EEEmu is completely open source, with [Blecky] sharing his code on GitHub and even has created an EEEmu Fritzing part, also found in his repository.
In the electronics industry, the march of time brings with it a reduction in size. Our electronic devices, while getting faster, better and cheaper, also tend to get smaller. One of the main reasons for this is the storage medium for binary data gets smaller and more efficient. Many can recall the EPROM, which is about the size of your thumb. Today we walk around with SD cards that can hold an order of magnitude more data, which can fit on your thumb’s nail.
Naturally, we must ask ourselves where the limit lies. Just how small can memory storage get? How about a single atom! IBM along with a handful international scientists have managed to store two bits of information on two pairs of holmium atoms. Using a scanning tunneling microscope, they were able to write data to the atoms, which held the data for an extended period of time.
Holmium is a large atom, weighing in at a whopping 67 AMU. It’s a rare earth metal from the lanthanide series on the periodic table. Its electron configuration is such that many of the orbiting electrons are not paired. Recall from our article on the periodic table that paired electrons must have opposite spin, which has the unfortunate consequence of causing the individual magnetic fields to cancel. The fact that holmium has so many unpaired electrons makes it ideal for manipulation.
While you won’t be seeing atom-level memory on the next Raspberry Pi, it’s still neat to see what the future holds.
At the 33rd annual Chaos Communications Congress, [Antonio Barresi] and [Erik Bosman] presented not one, not two, but three (3!!) great hacks that were all based on exploiting memory de-duplication in virtual machines. If you’re interested in security, you should definitely watch the talk, embedded below. And grab the slides too. (PDF)
Memory de-duplication is the forbidden fruit for large VM setups — obviously dangerous but so tempting. Imagine that you’re hosting VMs and you notice that many of the machines have the same things in memory at the same time. Maybe we’re all watching the same cat videos. They can save on global memory across the machines by simply storing one copy of the cat video and pointing to the shared memory block from each of the machines that uses it. Notionally separate machines are sharing memory. What could go wrong?
Most data storage devices we currently use are, at their core, two-dimensional. Sure, a hard drive might have multiple platters, but the data storage takes place on a flat surface. Even an optical drive is effectively a single surface that holds data. At the City College of New York, they are experimenting with storing data in three dimensions using lab-grown diamonds and LASERs.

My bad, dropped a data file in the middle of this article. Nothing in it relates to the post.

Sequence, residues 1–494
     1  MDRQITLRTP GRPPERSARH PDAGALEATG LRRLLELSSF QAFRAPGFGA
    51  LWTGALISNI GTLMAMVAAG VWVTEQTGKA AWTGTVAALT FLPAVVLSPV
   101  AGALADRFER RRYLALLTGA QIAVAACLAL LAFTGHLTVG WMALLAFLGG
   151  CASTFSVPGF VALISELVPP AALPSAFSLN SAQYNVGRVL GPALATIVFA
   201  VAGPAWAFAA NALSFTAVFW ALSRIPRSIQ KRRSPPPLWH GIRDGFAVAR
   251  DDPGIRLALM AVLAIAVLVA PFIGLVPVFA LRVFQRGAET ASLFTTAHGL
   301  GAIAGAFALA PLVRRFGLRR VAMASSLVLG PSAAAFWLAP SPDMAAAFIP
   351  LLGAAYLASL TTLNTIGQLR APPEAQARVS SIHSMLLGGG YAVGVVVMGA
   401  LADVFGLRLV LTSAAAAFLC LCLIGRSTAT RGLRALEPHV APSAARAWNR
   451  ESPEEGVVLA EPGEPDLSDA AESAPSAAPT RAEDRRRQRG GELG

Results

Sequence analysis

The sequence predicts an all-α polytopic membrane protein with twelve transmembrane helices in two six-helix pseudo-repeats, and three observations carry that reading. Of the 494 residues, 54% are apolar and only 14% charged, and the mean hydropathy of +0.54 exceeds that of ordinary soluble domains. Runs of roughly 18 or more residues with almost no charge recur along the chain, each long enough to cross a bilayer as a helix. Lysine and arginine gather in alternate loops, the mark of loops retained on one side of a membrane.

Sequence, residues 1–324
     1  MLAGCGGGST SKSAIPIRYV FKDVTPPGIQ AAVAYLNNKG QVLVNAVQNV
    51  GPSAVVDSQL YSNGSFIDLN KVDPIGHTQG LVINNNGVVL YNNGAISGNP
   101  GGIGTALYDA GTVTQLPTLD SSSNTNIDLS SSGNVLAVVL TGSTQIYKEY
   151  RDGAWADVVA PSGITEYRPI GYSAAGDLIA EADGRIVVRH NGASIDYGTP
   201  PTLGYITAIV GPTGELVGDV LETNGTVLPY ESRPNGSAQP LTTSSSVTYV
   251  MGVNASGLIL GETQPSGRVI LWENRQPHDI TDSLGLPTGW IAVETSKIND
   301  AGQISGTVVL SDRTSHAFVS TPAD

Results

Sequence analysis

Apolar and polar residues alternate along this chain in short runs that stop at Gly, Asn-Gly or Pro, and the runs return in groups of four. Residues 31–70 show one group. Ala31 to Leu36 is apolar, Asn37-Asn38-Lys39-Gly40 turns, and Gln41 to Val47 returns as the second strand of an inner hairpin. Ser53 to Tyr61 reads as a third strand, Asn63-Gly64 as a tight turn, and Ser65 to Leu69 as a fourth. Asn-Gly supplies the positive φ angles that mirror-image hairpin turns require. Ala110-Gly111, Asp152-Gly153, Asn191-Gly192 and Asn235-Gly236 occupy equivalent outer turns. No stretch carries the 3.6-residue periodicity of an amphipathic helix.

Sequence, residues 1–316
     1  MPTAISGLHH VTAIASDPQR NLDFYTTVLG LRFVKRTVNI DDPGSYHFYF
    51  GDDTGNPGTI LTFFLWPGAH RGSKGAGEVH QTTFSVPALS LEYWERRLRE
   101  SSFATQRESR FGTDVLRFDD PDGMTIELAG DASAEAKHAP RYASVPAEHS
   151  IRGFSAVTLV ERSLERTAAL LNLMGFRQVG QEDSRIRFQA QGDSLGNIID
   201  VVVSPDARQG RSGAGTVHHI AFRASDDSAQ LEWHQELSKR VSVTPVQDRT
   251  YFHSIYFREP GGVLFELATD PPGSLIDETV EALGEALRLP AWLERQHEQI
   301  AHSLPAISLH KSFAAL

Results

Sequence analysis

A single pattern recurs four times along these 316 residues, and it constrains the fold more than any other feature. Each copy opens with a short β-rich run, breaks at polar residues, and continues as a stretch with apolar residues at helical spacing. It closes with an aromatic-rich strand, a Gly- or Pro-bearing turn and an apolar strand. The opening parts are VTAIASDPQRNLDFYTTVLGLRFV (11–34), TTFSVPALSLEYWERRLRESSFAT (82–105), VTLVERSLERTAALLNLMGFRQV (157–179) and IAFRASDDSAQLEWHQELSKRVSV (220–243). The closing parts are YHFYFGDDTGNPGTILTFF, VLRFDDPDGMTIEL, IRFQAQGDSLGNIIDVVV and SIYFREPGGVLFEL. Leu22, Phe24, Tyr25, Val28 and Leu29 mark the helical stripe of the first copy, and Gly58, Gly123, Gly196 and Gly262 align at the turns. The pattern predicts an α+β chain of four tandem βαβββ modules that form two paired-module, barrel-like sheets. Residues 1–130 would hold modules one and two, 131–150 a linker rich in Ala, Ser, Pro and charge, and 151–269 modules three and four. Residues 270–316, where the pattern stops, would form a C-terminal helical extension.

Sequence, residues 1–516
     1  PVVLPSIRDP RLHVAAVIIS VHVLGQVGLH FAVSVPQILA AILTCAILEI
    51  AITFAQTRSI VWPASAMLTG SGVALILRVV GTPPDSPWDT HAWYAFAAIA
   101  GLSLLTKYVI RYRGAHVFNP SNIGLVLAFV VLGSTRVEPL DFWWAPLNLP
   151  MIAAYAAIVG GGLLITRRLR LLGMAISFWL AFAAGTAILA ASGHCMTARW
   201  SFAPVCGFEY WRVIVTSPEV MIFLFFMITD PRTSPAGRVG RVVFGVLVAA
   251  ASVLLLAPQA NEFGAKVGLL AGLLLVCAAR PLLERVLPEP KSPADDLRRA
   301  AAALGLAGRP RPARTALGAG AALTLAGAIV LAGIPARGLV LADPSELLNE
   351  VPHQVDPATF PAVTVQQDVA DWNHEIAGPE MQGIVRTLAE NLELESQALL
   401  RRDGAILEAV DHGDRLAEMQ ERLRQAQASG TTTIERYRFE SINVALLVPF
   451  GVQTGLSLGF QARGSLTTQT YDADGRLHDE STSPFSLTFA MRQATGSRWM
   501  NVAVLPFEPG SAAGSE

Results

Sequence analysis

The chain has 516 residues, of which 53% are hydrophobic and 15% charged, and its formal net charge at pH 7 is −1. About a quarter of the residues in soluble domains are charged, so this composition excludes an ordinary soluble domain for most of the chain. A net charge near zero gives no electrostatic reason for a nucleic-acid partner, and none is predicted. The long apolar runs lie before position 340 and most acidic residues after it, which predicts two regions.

Usually, diamonds that have few flaws are more valuable. But in this application, the researchers exploit the flaws to store information. Optical memory that uses a volume instead of a surface isn’t exactly new. However, it is difficult to use these techniques in a way that is rewritable.
Diamonds are a crystalline structure of carbon atoms. Sometimes, though, a carbon atom is missing from the structure. That’s a vacancy. Another defect is when a nitrogen atom replaces a carbon atom. Sometimes a vacancy occurs next to a rogue nitrogen atom and that causes an NV (nitrogen vacancy) center.
Most video game manufacturers aren’t too keen on homebrew games, or people trying to get more utility out of a video game system than it was designed to have. While some effort is made to keep people from slapping a modchip on an Xbox or from running an emulator for a Playstation, it’s almost completely impossible to stop some of the hardware hacking that is common on older cartridge-based games. The only limit is usually the cost of an EPROM programmer, but [Robson] has that covered now with his Arduino-based SNES EPROM programmer.
Normally this type of hack involves finding any cartridge for the SNES at the lowest possible value, burning an EPROM with the game that you really want, and then swapping the new programmed memory with the one in the worthless cartridge. Even though most programmers are pricey, it’s actually not that difficult to write bits to this type of memory. [Robson] runs us through all of the steps to get an Arduino set up to program these types of memory, and then puts it all together into a Super Nintendo where it looks exactly like the real thing.
If you don’t have an SNES lying around, it’s possible to perform a similar end-around on a Sega Genesis as well. And, if you’re more youthful than those of us that grew up in the 16-bit era, there’s a pretty decent homebrew community that has sprung up around the Nintendo DS and 3DS, too.